Hosts England almost ended 30 years of a drought in the trophy department but went out on penalties to Germany in the semi-finals, Gareth Southgate becoming the latest Englishman who bottled it in the shootout - the list was to get longer two years later in their World Cup loss to Argentina. Germany were to go on and beat the surprise packages of the tournament The Czech Republic 2-1 in the final thanks to a brace from Oliver Bierhoff, who was also to go down in history as the first man to score a golden goal winner in the competition's history. The tournament was also notable not so much for a rather jaded series of performances by France but the emergence of the golden generation of Zinedine Zidane, Bixente Lizarazu and several others who would be crowned world champions two years later in Paris.
The golden generation were to experience another high as they added the Euro title to the World Cup in a final of high drama against Italy. Italy looked to be in the driving seat when Marco Delvecchio scored in the second-half but just as the Italians were preparing themselves for the trophy ceremony Sylvain Wiltord popped up to level and from there on in there was only going to be one winner with David Trezeguet settling the match with a golden goal in extra-time. France were worthy winners with Zidane a fresher figure than he had been four years previously - he hadn't been helped then by playing virtually non stop for a whole year as his then side Bordeaux went from the Intertoto Cup to the UEFA Cup final and he also had been involved in a car crash - whilst there was a slightly sour cloud thrown over the tournament with the Portuguese histrionics at the end of their semi-final with France having gone ballistic over a controversial penalty award, their coming from 2-0 down to beat England 3-2 would have a been a far happier memory for their fans. Needless to say Zidane composed himself and slotted the penalty away. 'He has definitely come from God,' commented former Scotland coach Andy Roxburgh on the UEFA website. There are many in France who would agree.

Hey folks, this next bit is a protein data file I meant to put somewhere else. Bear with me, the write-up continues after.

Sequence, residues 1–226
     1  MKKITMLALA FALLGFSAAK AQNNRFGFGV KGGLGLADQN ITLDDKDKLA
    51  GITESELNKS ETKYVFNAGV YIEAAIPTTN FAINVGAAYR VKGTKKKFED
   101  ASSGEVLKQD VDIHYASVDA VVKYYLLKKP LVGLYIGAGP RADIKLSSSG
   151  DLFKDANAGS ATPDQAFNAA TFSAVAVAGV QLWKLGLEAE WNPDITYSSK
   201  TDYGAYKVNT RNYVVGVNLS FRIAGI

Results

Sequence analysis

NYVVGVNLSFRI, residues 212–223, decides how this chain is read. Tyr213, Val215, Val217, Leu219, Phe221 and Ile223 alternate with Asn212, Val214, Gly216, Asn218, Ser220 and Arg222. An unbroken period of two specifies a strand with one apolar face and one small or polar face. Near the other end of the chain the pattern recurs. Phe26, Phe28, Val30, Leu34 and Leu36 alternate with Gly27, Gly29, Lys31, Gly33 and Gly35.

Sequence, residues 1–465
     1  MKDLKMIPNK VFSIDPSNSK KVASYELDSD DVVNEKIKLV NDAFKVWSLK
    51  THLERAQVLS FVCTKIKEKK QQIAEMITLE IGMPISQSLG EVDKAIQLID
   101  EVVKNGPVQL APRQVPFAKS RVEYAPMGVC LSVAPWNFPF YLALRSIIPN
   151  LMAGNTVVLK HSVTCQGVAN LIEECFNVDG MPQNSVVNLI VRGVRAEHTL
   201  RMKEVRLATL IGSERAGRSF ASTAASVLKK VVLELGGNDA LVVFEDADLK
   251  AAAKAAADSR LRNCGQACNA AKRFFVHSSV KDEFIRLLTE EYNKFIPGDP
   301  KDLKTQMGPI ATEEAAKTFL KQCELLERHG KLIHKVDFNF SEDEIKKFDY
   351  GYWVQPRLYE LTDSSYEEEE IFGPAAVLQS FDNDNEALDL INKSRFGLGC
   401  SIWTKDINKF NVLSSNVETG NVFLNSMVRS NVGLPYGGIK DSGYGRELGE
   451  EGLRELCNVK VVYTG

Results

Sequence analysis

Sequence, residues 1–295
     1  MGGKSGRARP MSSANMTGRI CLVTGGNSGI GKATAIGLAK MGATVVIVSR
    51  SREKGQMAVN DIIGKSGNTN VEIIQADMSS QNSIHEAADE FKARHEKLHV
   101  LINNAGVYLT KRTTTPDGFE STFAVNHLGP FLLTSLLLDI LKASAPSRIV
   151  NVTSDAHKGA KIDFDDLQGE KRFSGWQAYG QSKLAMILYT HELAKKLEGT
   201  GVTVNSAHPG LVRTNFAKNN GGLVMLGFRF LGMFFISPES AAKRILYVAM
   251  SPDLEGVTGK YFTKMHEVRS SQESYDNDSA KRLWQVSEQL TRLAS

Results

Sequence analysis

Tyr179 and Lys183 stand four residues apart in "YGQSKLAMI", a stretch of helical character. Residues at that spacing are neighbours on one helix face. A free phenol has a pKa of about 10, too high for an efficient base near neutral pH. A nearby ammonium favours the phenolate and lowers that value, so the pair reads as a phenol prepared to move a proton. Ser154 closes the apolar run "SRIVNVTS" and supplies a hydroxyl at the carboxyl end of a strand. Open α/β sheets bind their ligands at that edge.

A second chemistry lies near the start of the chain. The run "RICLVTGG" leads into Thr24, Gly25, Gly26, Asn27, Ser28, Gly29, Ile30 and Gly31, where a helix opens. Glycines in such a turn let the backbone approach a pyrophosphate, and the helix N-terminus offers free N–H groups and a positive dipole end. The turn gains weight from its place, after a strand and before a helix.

If the Danes had seemed the unlikeliest of winners in 1992 then Greece surely trumped them under the astute stewardship of German coach Otto Rehhagel. Right from the start they announced their potential as they beat hosts Portugal 2-1 in the opening match and they were never to be stopped after that as they became the most formidable Greek outfit to travel abroad since Helen launched a thousand ships to get her back from Troy. While Zidane had just about managed to get France through to the second round after a nervewracking late penalty saw the French come from 1-0 down to beat England 2-1, there was nothing he could do against the Greeks as they eliminated the holders. French coach Jacques Santini had hardly helped morale by bizarrely announcing prior to the tournament that he would not be renewing his contract. Greece then put paid in the semi-finals to the flamboyant talents of the Czech Republic, scoring a late silver goal in extra-time. Portugal were given the chance to avenge their opening defeat by the Greeks in the final but once again Greece stunned them as Angelos Charisteas' header settled the issue and left Luis Figo and his own 'golden generation' without a senior trophy to their name.